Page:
Bay Area transit orders top engineering firm to stop work

Officials at the Bay Area Rapid Transit agency have issued a stop work order to a key engineering firm, San Francisco-based PGH Wong, while it conducts a conflict of interest review that involves a personnel matter, The Times has learned.

Last Friday, the transit agency directed the firm “to place all work on hold as BART and PGH Wong review a potential conflict of interest,” agency spokeswoman Alicia Trost said. “So far, we have found no evidence of bad faith.”

California engineering industry sources familiar with the stop work order called it a highly unusual move in one of the nation’s largest mass transit systems.

“I have never seen anything like it,” said a top executive at one engineering firm who was not authorized to talk to the media and requested anonymity. The official said such a strong action indicates a potentially serious issue and that a BART employee is at the center of the review. Another industry executive, who disclosed the matter to The Times, said a letter was sent to BART officials raising the matter.

Trost, BART’s chief communications officer, declined to provide details of the review. “We are not going to comment on personnel matters,” she said. “No employees have been suspended.”

Wong has long provided engineering and consulting services to the BART system, including construction management services, architectural services, engineering for the district’s capital improvement program and help in rebuilding projects across the region.

Like many consultants on public projects, the firm is deeply embedded into BART’s organization. A week after the order to stop work was issued, it is still not clear how long the review will take.

“It is still unclear the level of impacts this will cause to projects and BART staff is currently working to develop strategies to minimize impacts,” Trost said.

She said the agency “has had a long and successful partnership with PGH Wong Engineering in delivering rail transit projects.”

PGH Wong is highly regarded in the world of transit engineering and construction, the industry executives said. The privately-owned firm was founded by Peter Wong in 1985 and he now runs it with his two sons.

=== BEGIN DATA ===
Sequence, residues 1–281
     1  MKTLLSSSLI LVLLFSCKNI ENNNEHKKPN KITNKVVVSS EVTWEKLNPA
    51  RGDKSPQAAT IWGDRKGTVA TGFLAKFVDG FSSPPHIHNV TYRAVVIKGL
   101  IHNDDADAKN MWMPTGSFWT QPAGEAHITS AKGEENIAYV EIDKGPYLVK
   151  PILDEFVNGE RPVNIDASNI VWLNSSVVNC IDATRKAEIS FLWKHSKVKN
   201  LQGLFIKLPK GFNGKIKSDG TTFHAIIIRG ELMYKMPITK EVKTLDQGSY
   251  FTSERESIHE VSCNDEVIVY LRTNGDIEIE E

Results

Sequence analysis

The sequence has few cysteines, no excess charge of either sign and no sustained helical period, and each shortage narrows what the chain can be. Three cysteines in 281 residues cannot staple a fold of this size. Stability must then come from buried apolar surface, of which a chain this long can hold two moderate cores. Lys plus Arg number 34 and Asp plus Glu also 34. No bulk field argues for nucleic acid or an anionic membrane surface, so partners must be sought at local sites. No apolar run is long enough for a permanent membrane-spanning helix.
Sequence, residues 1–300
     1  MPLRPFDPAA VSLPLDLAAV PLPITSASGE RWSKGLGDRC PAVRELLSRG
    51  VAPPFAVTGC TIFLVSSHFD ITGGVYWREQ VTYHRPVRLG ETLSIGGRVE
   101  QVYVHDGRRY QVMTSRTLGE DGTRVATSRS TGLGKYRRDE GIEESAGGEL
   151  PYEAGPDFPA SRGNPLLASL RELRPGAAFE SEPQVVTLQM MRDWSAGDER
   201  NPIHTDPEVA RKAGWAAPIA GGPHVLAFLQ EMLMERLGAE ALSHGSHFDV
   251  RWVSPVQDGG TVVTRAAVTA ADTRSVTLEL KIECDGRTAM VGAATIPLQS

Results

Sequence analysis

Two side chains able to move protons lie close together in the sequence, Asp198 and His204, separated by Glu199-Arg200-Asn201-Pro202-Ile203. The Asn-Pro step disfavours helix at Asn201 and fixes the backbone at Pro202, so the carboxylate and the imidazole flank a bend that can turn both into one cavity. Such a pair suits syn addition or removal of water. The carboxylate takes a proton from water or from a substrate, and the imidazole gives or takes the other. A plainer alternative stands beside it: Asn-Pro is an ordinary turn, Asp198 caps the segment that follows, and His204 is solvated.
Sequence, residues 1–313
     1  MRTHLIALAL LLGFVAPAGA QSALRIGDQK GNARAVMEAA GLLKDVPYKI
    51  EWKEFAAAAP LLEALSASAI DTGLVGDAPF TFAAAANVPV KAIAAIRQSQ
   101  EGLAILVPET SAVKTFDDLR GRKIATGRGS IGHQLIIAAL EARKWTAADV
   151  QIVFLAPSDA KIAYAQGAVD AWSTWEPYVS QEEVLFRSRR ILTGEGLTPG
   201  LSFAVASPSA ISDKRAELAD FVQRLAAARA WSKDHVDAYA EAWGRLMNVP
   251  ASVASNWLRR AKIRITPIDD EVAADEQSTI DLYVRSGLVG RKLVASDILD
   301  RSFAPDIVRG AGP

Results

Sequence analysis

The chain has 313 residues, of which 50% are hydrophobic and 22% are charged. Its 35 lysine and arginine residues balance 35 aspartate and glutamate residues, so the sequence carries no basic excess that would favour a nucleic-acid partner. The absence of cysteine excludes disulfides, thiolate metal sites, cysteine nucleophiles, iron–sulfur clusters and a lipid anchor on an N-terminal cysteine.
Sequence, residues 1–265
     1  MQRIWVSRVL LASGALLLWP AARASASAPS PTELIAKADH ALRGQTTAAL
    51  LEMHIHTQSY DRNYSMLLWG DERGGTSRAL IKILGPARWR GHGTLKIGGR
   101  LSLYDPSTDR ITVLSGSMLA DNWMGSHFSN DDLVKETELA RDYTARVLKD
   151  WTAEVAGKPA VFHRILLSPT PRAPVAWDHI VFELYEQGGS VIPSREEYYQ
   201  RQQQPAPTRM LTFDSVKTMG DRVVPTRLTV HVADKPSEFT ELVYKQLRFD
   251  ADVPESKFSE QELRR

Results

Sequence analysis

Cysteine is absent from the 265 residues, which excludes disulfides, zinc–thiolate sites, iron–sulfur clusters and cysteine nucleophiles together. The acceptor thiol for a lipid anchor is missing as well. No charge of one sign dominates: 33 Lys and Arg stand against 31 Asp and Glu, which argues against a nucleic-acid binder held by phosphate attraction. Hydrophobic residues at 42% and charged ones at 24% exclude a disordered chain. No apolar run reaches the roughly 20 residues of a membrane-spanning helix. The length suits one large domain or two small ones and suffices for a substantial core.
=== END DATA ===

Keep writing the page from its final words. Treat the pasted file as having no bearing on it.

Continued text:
The firm issued a statement Friday noting its longstanding relationship with the transit agency but offered no details on the stop-work order. “We look forward to resolving this matter expeditiously with BART and getting on with the important work of supporting BART,” the statement said.

BART has relied on PGH Wong for decades. The transit system was designed by San Francisco-based Bechel with help from the former Parsons Brinckerhoff, now WSP. Wong was an electrical engineer for Bechtel before founding his own firm. Since then, the firm has won numerous awards for its projects and has become a key player in the BART system.

The firm does business across the nation, but mainly in the West. It is acting as a construction manager for a troubled 31-mile segment of the California bullet train system in Fresno. It is a key player in airport projects, a light rail system under construction in Honolulu and is principle engineer for electrifying the Bay Area’s Caltrain commuter rail system.

It is also a joint venture partner in the six-mile BART extension from Berryessa to Santa Clara, a $6.9-billion project of the Valley Transportation Authority. That work is apparently not affected by the stop work order. It also played a major role in the first phase of the project from Freemont to Berryessa, which is now operational.

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